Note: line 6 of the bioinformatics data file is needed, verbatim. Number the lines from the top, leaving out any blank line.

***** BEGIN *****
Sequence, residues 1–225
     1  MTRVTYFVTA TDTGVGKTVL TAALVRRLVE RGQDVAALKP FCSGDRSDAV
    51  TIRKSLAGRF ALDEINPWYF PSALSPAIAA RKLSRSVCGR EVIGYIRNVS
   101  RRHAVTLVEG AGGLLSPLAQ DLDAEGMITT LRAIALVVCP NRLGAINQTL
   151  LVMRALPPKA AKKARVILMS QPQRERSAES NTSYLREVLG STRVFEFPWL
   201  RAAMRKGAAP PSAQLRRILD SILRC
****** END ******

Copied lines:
   201  RAAMRKGAAP PSAQLRRILD SILRC